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Anger over refusal to release Botany report

By Tim Dick and Darren Goodsir
September 26, 2005

The NSW Government will not release an independent report on the proposed expansion of the Port Botany freight terminal until after it has decided whether to approve it, a move that has infuriated local community groups.

Last year, the Government referred the plan – pushed by the Sydney Ports Corporation – to an independent commission of inquiry, which held public hearings and received hundreds of submissions on the intended 63-hectare reclamation of Botany Bay.

The commissioner, Kevin Cleland, submitted the completed report four months ago and had to wait six weeks until the former minister for infrastructure and planning, Craig Knowles, could find time to discuss the findings with him.

Mr Knowles and his successor, Frank Sartor, have steadfastly refused to make the report public.

By law, Mr Cleland can release the report at a time of his choosing, but convention has seen previous commission of inquiry reports made public only with ministerial consent.

Mr Sartor told a NSW parliamentary estimates committee last week that he would not release the report until he had made a decision on the port’s future.


Asked by the Greens MP Sylvia Hale if it was important that the public has access to the report, Mr Sartor said it was, but it was also important not to produce “just part of the information and create a slanted view”.

Joan Staples, who is leading an anti-expansion campaign called Save Botany Beach, said the report should be released to allow informed public discussion of the proposal.

“Transparent development of public policy on such a major issue requires further public debate, especially as there have been further significant developments in recent months,” she said.

In evidence before the inquiry, the Department of Planning backtracked on its earlier support for Sydney Ports’ 63-hectare expansion, saying it could back only a 47-hectare boost to the container facilities, that it should be done in stages, and that thorough environmental assessments should be done at regular intervals during construction.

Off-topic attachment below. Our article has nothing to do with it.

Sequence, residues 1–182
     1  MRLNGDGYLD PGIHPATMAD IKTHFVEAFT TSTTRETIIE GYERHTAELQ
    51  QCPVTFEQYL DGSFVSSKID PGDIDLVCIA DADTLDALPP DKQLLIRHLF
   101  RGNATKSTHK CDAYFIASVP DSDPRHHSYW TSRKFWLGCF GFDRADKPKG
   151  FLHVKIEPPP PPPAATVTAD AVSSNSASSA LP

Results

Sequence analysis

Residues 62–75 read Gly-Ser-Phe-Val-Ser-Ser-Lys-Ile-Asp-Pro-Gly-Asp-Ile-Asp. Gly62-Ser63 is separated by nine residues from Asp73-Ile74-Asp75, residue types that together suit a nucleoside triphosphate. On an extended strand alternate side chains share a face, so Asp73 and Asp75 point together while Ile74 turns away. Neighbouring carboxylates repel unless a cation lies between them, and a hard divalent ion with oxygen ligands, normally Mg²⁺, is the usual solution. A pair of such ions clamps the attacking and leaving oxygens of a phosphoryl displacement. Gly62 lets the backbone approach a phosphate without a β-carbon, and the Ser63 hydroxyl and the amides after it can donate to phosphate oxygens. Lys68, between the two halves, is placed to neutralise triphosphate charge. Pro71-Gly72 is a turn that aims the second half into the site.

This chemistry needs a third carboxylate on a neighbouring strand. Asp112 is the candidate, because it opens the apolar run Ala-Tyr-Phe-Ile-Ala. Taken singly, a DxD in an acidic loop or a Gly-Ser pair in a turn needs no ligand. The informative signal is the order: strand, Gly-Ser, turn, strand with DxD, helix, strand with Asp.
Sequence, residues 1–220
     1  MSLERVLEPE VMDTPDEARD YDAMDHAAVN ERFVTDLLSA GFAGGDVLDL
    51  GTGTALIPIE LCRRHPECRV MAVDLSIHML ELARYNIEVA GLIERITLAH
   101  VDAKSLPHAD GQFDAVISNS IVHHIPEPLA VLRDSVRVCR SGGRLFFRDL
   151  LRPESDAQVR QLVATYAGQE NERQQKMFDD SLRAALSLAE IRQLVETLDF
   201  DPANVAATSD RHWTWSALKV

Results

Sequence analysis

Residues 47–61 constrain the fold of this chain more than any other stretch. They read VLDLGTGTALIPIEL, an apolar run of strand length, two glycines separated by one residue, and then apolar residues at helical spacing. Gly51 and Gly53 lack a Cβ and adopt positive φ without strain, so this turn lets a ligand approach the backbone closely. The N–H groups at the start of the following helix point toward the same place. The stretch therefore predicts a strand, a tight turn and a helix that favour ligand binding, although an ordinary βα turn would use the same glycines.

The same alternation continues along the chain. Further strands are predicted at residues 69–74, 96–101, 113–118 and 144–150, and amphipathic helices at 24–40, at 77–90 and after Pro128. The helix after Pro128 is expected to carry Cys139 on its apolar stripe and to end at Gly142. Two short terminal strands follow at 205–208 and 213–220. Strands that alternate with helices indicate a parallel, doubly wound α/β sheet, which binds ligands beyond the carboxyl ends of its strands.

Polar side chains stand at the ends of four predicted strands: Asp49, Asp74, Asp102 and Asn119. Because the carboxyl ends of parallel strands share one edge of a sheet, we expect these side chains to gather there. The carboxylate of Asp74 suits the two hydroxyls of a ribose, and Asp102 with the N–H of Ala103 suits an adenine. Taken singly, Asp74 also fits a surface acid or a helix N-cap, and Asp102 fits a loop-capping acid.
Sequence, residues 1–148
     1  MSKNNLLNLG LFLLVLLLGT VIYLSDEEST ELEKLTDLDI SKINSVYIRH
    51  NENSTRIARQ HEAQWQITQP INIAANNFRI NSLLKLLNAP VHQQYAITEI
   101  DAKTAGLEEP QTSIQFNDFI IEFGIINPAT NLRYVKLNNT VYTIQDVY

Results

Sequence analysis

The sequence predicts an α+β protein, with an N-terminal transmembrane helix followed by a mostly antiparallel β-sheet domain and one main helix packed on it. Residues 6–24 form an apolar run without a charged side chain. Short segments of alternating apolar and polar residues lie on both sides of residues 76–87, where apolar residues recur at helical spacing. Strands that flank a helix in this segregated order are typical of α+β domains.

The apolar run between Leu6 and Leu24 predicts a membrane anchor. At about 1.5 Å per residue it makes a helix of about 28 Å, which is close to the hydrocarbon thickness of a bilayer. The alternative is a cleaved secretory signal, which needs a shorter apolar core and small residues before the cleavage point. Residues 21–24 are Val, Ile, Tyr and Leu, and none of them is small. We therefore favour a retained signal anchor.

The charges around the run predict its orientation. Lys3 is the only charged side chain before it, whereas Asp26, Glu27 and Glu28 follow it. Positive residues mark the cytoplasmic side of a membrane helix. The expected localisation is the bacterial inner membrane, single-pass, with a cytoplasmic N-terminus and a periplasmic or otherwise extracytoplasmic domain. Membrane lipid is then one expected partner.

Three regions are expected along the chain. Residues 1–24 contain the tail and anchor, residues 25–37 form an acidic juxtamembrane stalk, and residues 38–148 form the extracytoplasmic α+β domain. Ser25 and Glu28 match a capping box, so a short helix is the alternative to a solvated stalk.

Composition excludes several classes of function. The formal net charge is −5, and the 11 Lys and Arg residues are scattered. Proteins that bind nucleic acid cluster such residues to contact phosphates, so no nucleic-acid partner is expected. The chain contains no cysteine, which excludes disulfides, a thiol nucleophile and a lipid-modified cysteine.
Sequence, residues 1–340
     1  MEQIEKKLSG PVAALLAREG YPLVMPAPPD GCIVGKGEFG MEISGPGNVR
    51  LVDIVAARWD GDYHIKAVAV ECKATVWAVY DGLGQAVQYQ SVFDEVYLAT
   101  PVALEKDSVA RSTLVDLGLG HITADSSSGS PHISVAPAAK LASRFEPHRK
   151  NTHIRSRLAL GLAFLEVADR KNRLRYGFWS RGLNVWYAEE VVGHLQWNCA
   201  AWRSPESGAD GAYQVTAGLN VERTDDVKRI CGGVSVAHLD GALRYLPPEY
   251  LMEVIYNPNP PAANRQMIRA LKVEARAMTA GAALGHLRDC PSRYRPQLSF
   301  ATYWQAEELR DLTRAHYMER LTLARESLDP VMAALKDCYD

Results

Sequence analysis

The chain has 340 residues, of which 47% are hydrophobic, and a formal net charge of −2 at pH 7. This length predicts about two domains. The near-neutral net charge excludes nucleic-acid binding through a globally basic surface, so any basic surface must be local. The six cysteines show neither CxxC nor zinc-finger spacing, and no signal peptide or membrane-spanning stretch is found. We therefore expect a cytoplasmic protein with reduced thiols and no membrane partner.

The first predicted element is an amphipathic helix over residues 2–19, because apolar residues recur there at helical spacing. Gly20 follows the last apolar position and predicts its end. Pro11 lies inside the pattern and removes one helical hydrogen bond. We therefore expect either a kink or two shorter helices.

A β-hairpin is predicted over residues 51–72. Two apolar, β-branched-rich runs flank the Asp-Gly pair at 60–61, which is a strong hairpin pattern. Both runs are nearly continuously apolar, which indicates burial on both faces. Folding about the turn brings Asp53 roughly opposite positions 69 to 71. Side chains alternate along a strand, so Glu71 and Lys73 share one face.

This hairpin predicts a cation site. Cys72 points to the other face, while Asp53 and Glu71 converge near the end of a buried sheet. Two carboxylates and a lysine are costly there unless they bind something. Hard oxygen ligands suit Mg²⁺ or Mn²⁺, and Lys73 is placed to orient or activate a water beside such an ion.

The inquiry also heard wildly fluctuating estimates on the capacity of the port, which at present sees 1.2 million container movements a year.

One of the stevedores, Patrick Corporation, said present facilities could see 8 million movements.

Last year, the Herald published the contents of a leaked state cabinet report which said there would be a tripling of truck movements by 2021, even if incentives were given to firms to move freight by train.

The Government, which has appointed the former Labor politician Laurie Brereton to devise a comprehensive freight strategy, has floated the idea of a $30-per-container levy to pay for upgrades to local roads and rail tracks.

At a separate estimates hearing, the Minister for Ports and Waterways, Eric Roozendaal, fended off questions on the terminal’s future, despite Ms Hale arguing it was vital for him to take an interest in truck congestion if the terminal’s efficient operations were to be maintained.

When Ms Hale asked Mr Roozendaal to comment on a report by the Sea Freight Council of NSW that forecasts a rise in truck traffic at the port of between 3400 and 4600 vehicles a day, he dismissed her concerns as “obsessive”.

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